Hard to say? It is for me, especially when alerted to the fact that the teacher had instructed the students which colors to use, as well as where to place color.


4 Reasons Coloring Pages/Worksheets Don’t Cut it as an Educational Tool in ECE:


1. They Review the Content Out of Context

When coloring pages are used as a means of further exploring subject matter, they  do so in a limited fashion.


If a coloring page about birds is intended to review that subject or what children have learned, it does so out of context. How could a conversation about hummingbirds be different if it was sparked by a drawing a child made while observing one, or while looking at a bird’s nest?


Artifacts and observations give children context. Content is more meaningful when it is seen in relation to its environment; that is, the real life connections in which the children have experienced it.


2. They Use the Drill, Practice, or Review by Worksheet Method, Which Does Not Deepen Understanding

Coloring pages do not give children opportunities to learn beyond the work or image presented.  Here is an image of a bird. Potential questions that may arise are likely limited to the information suggested by the simplistic, two-dimensional outline.


3. They Disregard the Child’s Interest and Self-Motivation

Giving children worksheets or coloring sheets as a means to review can only give insight into a limited area of their knowledge.

It does not allow children an opportunity to review or further question what might interest them regarding the subject. If a child is motivated to learn more about what hummingbirds eat, coloring a picture of one eating from a flower does not even acknowledge the child’s interest and sets aside their motivation. Instead, children are offered, at very best, “busy work.”


4. They Do Not Accurately Assess Children’s Understanding of a Subject

Teachers need to frequently assess children’s knowledge, not only to document learning, but to know what types of learning opportunities to plan.


How can children show what they have learned about birds in flight, birds building nests, birds’ diets, or hatchlings in this image?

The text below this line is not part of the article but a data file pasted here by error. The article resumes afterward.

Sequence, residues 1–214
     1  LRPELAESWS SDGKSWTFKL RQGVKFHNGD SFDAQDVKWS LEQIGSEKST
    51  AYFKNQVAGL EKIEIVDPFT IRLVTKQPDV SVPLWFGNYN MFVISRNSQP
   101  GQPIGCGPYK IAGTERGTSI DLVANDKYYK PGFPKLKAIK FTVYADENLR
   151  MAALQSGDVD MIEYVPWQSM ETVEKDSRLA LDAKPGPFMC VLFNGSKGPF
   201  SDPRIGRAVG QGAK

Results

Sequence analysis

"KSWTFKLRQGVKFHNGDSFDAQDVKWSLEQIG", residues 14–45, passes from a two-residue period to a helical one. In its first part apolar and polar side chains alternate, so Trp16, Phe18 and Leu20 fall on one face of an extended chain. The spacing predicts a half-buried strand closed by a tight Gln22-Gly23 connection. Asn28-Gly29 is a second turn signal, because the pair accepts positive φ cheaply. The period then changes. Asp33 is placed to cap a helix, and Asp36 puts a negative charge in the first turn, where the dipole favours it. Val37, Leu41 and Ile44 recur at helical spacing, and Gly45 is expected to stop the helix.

What Can Teachers Offer Instead of Coloring Pages?

Here are some of my thoughts on what teachers can offer instead  . . .

  • Drawing Tools and Blank Paper

Crayons, pens, markers, and a piece of paper offer children a chance to show what they know – to tell us the story they want to tell.

Curious as to what my daughter did actually learn about hummingbirds, I asked her if she’d like to draw one. Knowing she frequently chooses to illustrate her ideas, I offered a pen and paper and she drew the image below, narrating as she went along:


Hummingbird and Nest.
Hummingbird and Nest.


Okay, so this does not as closely resemble a hummingbird as the coloring page does, but it sure does tell me a lot more. Aside from seeing what she is capable of drawing, I learned that she does not know what they eat, despite having colored a picture of one drinking nectar from a flower.


  • Blocks

My youngest daughter does not as easily communicate her ideas through drawings, but she did create this giraffe. From it, I learned that she understood that they have long necks, and two legs.



  • Other Loose Parts

Some time and one meal later, Greysen invited her sister to play “hatching” with her. She brought an empty box into the house, and she and her sister took turns climbing inside, closing the box, and hatching out of it.